Saturday, February 27, 2010

Police reel again as apparent joke misfires

AN apparent practical joke has backfired on police after a Supreme Court judge yesterday demanded answers over why a junior officer in a major criminal investigation declared in a statement that he was attracted to "little boys".

Justice Roslyn Atkinson voiced serious concerns and disapproval over the contents of the statement that slipped undetected past police, prosecutors, defence lawyers and the lower magistrates courts – before reaching her in Queensland's highest criminal trial jurisdiction.

Police Commissioner Bob Atkinson launched an internal investigation yesterday, referring the matter to the Ethical Standards Command. He said the service would formally apologise to the court.

During yesterday's brief hearing in Brisbane, an angry Justice Atkinson said the statement was totally inappropriate and wanted answers on what action would be taken.

Prosecutors told the court the matter had been referred to senior officers within the Queensland Office of the Director of Public Prosecutions.

The Courier-Mail yesterday sighted a copy of the constable's sworn, signed statement, the opening line of which reads: "I am a constable of police stationed at the Logan Central Police Station. My registered (police) number is (withheld) and I like little boys."

Details of the actual case, which involve serious criminal charges which carry maximum terms of life imprisonment, or the name of the officer involved, cannot yet be revealed.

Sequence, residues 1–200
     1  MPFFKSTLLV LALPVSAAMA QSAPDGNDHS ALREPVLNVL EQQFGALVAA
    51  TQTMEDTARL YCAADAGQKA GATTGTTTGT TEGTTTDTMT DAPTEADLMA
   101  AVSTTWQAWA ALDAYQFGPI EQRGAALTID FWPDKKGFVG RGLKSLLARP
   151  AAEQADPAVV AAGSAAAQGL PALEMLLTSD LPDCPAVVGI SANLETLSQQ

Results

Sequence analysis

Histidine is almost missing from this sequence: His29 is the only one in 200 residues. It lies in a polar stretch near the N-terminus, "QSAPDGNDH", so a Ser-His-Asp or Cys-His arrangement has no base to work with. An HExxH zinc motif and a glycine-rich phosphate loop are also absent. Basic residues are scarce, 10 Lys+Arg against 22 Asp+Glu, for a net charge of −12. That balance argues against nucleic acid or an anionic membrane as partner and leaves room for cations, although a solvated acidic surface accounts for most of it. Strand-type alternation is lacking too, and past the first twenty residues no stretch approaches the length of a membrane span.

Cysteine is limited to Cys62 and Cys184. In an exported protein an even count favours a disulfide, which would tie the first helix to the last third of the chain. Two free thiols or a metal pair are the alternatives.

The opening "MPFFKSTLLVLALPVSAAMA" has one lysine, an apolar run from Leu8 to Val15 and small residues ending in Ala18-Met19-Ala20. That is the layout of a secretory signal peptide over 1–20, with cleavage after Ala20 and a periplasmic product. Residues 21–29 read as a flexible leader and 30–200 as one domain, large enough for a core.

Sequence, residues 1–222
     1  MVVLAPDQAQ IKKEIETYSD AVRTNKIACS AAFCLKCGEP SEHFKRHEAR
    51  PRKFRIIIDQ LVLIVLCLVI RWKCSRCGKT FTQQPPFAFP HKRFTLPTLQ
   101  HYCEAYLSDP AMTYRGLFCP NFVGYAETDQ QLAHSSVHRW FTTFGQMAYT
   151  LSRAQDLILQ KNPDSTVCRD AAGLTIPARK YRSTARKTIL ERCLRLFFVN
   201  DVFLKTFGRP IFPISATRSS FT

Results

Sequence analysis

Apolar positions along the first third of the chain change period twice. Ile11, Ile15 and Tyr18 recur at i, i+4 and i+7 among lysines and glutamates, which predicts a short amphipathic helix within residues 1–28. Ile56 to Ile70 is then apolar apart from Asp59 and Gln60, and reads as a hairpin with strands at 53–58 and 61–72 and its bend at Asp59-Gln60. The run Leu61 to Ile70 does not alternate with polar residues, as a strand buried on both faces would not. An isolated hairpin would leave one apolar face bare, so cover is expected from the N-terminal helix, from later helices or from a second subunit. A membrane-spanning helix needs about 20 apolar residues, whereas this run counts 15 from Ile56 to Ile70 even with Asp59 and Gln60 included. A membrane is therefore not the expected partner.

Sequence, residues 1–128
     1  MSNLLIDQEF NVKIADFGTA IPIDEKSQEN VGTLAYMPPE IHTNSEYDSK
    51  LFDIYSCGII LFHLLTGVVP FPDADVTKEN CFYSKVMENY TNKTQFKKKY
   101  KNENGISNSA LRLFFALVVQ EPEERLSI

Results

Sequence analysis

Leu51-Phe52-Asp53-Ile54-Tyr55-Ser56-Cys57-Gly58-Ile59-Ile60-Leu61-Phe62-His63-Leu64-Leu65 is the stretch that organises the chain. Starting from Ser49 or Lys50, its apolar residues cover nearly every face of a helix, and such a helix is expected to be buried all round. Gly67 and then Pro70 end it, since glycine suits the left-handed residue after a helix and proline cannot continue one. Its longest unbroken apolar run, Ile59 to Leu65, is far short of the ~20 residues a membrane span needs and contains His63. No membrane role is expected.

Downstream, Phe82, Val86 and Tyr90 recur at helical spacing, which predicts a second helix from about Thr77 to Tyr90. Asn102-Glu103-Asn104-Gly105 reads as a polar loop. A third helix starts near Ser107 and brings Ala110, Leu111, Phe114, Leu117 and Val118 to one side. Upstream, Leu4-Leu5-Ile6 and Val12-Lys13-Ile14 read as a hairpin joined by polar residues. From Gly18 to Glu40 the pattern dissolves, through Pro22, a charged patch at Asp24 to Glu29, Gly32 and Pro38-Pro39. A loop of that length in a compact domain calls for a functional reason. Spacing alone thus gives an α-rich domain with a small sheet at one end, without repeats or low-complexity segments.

The trial is listed to go before a jury in the very near future.

Several senior lawyers and police yesterday said it was likely the constable's statement was typed by a more senior investigator and that he did not read it thoroughly before signing it. It is understood the officer did not play a major role in the investigation.

A Department of Justice spokesman said the DPP had declined to comment on the matter.

The incident delivers yet another blow to the QPS's southeast region and follows Thursday's report in The Courier-Mail that Gold Coast police were being hauled before secret "star chamber" hearings as the Crime and Misconduct Commission stepped up its corruption probe into the Glitter Strip's nightclub and drug scene.

In these hearings, the commission uses its coercive powers to force answers from witnesses under threat of contempt charges and jail sentences.


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